Taking action is something I’m (more or less) good at. That wasn’t always the case: I used to be a total mugwump. Mugwump is the old-fashionedy word for a flip-flopper. I would hem and haw at any major decision, ask a dozen friends what they thought I should do, put it off and generally get nothing done.
Often, when it was too late to seize the day and the opportunity was passed, it felt almost like a relief instead of a disappointment.
But despite the comfort factor, the eventual effect of not making big decisions was devastating. My life became rote: a recurring series of habits and routines, some pleasant (friends and beer! yearly vacation!) and others decidedly not. Most were somewhere in between: contenting. I was content to live my life.
Here’s something they don’t tell you in high school: being content is the ass-end of happiness.
Getting out of “that place” seems unpossible. A lot of people don’t think they can do any better, or don’t see how they can make a real change in their lives. Often this is reinforced because they’ve made attempts and failed. You can recognize this syndrome by five telltale words:
I could never do that.
“Last week I went caving. We had to crawl through spaces as narrow as our shoulders.”
“Wow, I could never do that.”
“Well, it was hard to lose weight, but not that hard. I limited myself to 1700 calories a day.”
“Oh, I could never do that.”
“I’m going without coffee or caffeine for a month to see if it reduces my anxiety levels.”
“I could never do that.”
(These are all real examples.)
These are the words that people say when they can no longer even envision breaking out of their routine. Or when the notion itself is threatening, because they’ve tried before and been burned.
So what makes the difference between taking action and seeing it work, or taking action and getting burned?
More factors than I can imagine, I’m sure, but I’ve discovered one that outweighs them all. Once you know it, it feels like you have some special secret weapon, because so many people don’t get it. At the same time it is a great universal truth, because it is equally vital in any walk of life. Whether you’re an athlete trying to improve your performance or a mother of four wishing you had more income, this single factor is the greatest key to making change.
Yet it’s deceptively simple:
You have to change your habits.
This is the special ingredient in the recipe for taking (effective) action. Change isn’t something you can just add in on top of what you’re already doing.
Your current life is awash in a myriad of habits that press you in the direction of where you’re already going. The hundred things you do everyday give your life the structure it already has, and that structure has inertia. It’s hard to shove the whole thing in a new direction, even if it’s as minor as swearing less.
This is why most people who pick up a “teach yourself German” book never learn German. The material in the book might be solid, but do you dedicate 40 minutes a day to practicing? Do you give up your normal TV time to watch shows or movies in German? Do you seek out German-speaking friends and ask to do a once a week coffee date with no English allowed?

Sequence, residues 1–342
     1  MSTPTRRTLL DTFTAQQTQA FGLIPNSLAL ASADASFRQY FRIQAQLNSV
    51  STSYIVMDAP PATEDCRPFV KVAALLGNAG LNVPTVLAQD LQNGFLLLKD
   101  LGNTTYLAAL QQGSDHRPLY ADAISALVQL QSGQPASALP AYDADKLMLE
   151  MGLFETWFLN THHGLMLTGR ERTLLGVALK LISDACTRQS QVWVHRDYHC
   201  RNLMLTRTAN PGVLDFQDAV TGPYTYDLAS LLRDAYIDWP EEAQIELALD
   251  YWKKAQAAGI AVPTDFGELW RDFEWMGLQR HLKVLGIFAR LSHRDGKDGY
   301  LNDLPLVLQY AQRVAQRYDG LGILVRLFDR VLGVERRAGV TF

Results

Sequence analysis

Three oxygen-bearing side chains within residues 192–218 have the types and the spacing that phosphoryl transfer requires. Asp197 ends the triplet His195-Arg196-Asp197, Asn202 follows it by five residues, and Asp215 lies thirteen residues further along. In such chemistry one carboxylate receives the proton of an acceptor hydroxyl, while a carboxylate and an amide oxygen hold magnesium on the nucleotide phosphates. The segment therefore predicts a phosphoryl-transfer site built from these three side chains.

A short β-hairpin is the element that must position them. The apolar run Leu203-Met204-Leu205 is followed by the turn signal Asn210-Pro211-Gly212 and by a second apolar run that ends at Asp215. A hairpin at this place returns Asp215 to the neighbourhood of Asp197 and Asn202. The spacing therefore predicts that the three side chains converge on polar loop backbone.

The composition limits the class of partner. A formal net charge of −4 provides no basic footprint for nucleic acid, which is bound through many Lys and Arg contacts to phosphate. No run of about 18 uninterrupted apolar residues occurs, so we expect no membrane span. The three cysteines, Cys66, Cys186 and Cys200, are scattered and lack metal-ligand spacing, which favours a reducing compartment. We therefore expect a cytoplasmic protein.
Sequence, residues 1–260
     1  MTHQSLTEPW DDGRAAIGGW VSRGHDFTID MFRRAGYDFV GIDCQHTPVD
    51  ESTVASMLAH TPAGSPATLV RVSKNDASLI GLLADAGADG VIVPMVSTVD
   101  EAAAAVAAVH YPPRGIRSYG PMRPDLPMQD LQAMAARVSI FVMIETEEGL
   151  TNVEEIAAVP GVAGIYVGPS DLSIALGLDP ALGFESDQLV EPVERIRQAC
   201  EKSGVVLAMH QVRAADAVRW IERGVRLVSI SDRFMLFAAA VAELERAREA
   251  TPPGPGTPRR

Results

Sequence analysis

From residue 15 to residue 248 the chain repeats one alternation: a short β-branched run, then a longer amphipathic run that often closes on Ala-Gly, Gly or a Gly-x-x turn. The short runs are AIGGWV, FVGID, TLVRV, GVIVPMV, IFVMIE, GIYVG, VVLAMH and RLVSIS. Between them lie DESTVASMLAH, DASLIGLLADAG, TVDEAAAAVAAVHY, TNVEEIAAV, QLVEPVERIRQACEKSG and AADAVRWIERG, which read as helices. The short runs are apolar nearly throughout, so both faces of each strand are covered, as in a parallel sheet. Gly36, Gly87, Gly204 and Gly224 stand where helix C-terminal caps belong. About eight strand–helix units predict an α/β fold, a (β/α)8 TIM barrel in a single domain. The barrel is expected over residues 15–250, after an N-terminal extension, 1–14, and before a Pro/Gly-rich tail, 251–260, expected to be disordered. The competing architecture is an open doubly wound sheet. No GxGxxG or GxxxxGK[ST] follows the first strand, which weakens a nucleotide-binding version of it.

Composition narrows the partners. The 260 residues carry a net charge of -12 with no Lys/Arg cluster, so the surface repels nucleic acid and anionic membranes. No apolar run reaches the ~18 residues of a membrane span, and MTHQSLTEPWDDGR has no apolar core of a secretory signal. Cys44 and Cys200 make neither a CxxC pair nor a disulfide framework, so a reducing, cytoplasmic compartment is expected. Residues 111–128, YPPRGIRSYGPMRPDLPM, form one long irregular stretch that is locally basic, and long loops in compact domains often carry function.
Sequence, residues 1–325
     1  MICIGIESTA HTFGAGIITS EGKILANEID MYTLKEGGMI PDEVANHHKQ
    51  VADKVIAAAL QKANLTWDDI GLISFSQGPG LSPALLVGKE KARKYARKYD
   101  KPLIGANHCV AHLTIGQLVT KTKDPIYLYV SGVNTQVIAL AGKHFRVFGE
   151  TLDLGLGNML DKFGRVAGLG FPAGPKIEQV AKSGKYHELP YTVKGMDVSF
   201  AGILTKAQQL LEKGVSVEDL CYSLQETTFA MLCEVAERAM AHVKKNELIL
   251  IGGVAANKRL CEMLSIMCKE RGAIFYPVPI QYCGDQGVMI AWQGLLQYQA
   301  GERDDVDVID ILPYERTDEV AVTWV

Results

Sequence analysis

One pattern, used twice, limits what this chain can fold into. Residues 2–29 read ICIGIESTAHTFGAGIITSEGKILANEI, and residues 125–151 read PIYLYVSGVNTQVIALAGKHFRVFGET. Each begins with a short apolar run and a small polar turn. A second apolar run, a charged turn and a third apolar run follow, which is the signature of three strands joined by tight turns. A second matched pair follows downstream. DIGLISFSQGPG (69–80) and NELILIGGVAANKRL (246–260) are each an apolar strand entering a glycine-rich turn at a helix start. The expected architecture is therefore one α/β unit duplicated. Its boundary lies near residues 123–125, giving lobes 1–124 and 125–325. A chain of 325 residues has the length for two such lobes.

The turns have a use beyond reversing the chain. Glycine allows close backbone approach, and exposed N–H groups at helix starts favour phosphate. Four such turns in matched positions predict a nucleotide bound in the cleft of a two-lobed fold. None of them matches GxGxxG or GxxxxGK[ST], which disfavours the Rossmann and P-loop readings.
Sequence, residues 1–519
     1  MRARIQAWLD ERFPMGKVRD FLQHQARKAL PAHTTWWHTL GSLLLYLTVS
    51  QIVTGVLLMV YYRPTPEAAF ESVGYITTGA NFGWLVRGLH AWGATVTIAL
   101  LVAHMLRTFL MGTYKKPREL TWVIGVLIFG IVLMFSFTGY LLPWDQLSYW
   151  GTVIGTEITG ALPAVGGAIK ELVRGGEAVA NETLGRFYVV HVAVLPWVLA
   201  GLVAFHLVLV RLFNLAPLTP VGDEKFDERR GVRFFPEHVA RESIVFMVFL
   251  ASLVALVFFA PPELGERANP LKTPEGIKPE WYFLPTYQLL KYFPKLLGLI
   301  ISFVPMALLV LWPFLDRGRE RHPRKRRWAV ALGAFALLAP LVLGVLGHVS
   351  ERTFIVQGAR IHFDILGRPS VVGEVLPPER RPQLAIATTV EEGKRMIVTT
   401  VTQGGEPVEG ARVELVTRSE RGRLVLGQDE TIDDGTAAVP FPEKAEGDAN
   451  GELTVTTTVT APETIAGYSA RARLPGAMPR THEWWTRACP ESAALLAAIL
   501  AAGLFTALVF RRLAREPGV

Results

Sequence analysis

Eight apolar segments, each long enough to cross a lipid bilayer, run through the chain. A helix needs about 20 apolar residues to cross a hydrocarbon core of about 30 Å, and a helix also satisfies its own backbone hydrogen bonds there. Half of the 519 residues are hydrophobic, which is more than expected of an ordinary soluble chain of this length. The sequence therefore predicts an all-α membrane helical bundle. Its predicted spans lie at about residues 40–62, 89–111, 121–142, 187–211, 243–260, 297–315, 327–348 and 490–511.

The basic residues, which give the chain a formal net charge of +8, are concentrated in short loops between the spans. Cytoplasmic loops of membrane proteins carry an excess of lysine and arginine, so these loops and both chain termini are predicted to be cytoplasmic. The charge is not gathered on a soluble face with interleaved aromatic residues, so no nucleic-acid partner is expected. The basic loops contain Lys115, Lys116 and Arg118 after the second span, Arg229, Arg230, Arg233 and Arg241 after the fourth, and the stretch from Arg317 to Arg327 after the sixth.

Changing habits requires a conscious willingness to give up things, which is why it’s the last thing most people resort to. Only by giving up familiar activities will you be able to integrate new ones into your schedule. You can’t spend your Saturday morning on English-Free Coffee Date if you insist on sleeping in every Saturday.
Here are ten ways I’ve successfully changes a habit of my own:
- Set a time of day that I have to do something, including an alarm that goes off on my phone.
- Made a rule that I cannot eat dinner until I have done my new activity.
- Enlisted peer pressure, by exuberantly telling all my friends what I would do. They frequently asked how it was going and I wanted to be able to show them something.
- Left a note for myself in a place where I usually waste time—in my case, on the couch.
- Literally got rid of the things I needed to keep up my old habit. I sold or threw away items associated with it.
- Set a reasonable limit on the old habit, such as “no more than two glasses of wine in an evening.”
- Found replacements for the habit, such as eating pistachios instead of chocolates.
- Signed up for a coach who would enforce my new habit, such as a class for learning a language or a personal trainer for getting fit.
- Made a written plan of how to reach my new goal, with all of the steps along the way (and a timetable!) outlined.
- Sacrificed sleep for victory, staying up 1 hour later than usual three nights a week to put in time on the new activity.
The power of habits is strong. But the human mind and body are adaptable and if something is required on a daily basis, they will learn to do it with ease. The secret is to find some way to make a new habit indispensable. Your lifestyle has to rely on it in some way, or it will fall by the wayside.
This is the single greatest determining factor in the success of any life change.
So, what next? Well, I’m enforcing a new habit of my own by embarking on a three month program of healthy eating, Traditional Chinese Medicine style. I’ve decided to chronicle what it’s like going through the program, so if you want to see my challenges and victories, click on over to I Will Be That Man.
Have you ever tried to change a habit? Was it part of a larger goal or a goal in itself? Hit the comments and tell me—but first, please be a good internet citizen and tweet this post.